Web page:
The Seal Beach City Council unanimously approved an agreement with Griffin Structures, Inc., to assess the Lifeguard headquarters building. This is basically the first step in a process that could ultimately lead to either a remodel or replacement of the building. The agreement is for $32,500. The adjacent buildings could also be impacted.
“There’s going to be more discussions,’ said City Manager Jill Ingram. “This is only the first phase of many.”
The item was originally on the Consent Calendar, but it was one of two items pulled for separate discussion by District Four Councilwoman Schelly Sustarsic.
“We understand that the City is interested in analyzing the needs for a new Lifeguard Headquarters Building, the Police Safety Building, and the adjacent, detached Lifeguard Garage,” according to the proposal by Griffin Structures, Inc.
The Lifeguard headquarters building is old. According to Public Works Director Steve Myrter, there would come a point when a renovation could trigger state requirements to bring the Lifeguard building up to code. According to Myrter, replacing the building might be more cost effective.
“This study will address operational practices, space usage alternatives, and space needs assessment for the Marine Safety/Lifeguards Department,” said the staff report prepared by Iris Lee, deputy Public Works director/city engineer.
Myrter said “It was hard to repair” the Lifeguard headquarters following a storm of a year or two ago. He said the city had repaired the building with a five-year window.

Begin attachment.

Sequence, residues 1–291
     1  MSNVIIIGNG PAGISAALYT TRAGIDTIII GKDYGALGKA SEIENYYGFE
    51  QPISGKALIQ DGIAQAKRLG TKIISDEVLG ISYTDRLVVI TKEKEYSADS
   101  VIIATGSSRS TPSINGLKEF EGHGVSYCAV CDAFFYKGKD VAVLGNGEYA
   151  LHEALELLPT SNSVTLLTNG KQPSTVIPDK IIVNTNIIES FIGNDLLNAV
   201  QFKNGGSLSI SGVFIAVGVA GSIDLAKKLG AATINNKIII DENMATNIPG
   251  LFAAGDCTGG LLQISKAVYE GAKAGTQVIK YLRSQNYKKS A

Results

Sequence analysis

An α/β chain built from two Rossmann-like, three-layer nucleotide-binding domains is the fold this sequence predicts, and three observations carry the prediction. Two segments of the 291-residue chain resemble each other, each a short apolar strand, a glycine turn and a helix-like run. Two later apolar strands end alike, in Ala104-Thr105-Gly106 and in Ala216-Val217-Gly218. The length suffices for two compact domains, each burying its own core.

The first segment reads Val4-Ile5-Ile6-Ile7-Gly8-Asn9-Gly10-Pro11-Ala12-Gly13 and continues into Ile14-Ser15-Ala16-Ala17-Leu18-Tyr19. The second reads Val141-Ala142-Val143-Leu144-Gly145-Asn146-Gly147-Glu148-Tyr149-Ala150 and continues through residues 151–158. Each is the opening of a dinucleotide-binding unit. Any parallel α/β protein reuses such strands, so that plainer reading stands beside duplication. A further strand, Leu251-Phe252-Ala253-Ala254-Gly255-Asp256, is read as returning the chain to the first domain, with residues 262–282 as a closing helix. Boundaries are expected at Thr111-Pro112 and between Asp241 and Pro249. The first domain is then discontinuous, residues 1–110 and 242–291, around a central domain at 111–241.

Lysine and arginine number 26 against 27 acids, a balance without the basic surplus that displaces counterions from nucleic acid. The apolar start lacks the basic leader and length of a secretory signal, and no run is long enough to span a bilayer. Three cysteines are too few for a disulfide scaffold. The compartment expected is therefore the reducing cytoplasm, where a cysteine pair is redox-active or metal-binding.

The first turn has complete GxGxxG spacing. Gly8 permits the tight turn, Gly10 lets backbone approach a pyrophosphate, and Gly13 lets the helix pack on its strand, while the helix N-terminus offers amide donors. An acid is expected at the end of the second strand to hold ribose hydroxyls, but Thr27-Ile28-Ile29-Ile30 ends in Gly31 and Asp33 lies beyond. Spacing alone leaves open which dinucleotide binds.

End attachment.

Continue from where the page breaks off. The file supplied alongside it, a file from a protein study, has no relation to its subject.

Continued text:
He said one of the biggest problems is that the structure was built up against the retaining wall.
“Let’s start looking at what could work there,” Myrter said.
Marine Safety (Lifeguard) Chief Joe Bailey said they had put in “Epoxy flooring” as a precaution against flooding.
Bailey said the lifeguards need a new garage.
Myrter said a new building would have to meet ADA requirements.
“It’ll be very challenging to build with the coastal process,” Myrter said.
Sustarsic asked if sea rise would affect the design.
“That is something that will have to be looked at,” Myrter said.
District Three Councilman Michael Varipapa asked if renovation would be part of the study.
According to Myrter, the assessment would try to determine what the Lifeguards need versus what the California Coastal Commission requires.
District One Councilman Joe Kalmick asked if sea rise mitigation would come into play.
Myrter said that was a good question.
Lifeguard Chief Bailey said that when you pull the dry wall in the building and look at what’s there, it’s a “disjointed mess.”
Myrter, apparently referring to either renovation or replacement, said that either way, the city would use the assessment to find out what Chief Bailey needs. He pointed out that the city could discuss it at the next Capital Improvement Program (construction and maintenance) workshop.
The city holds Capital Improvement workshops during the annual budget process.
Ingram said the city did budget for the workshop this year. “As with anything else, priorities change,” Ingram said.
In an email to the City Council, Bridgeport resident Robert Goldberg, had asked why the staff had changed the priority for the project.
Ingram said the city needed to look at the potential need to replace the building.
Bailey said the station was last remodeled when the Jack Haley Safety Building (the police substation) was built.
Lee’s staff report said the “Lifeguard Headquarters Needs Assessment” was in the 2019-20 Capital Improvement Program.
Pages 12, 23 and 32 of the 90-page document, a five-year plan for construction and maintenance, proposed $60,000 for the Lifeguard Headquarters assessment. Page 32 identifies the project as “new” and describes it as a “medium” priority status.
“This project will provide a preliminary assessment of the existing Lifeguard Headquarters and evaluate the feasibility of replacing this structure,” according to the project “description” on page 32 of the 2019-20 Capital Improvement Program.
Under “Justification,” it reads, “The Lifeguard Headquarters was originally built in the 1930’s and modified in the 1960’s and 1970’s. The current building will need to be substantially renovated in the near future to continue to meet the needs of the Lifeguard Department.”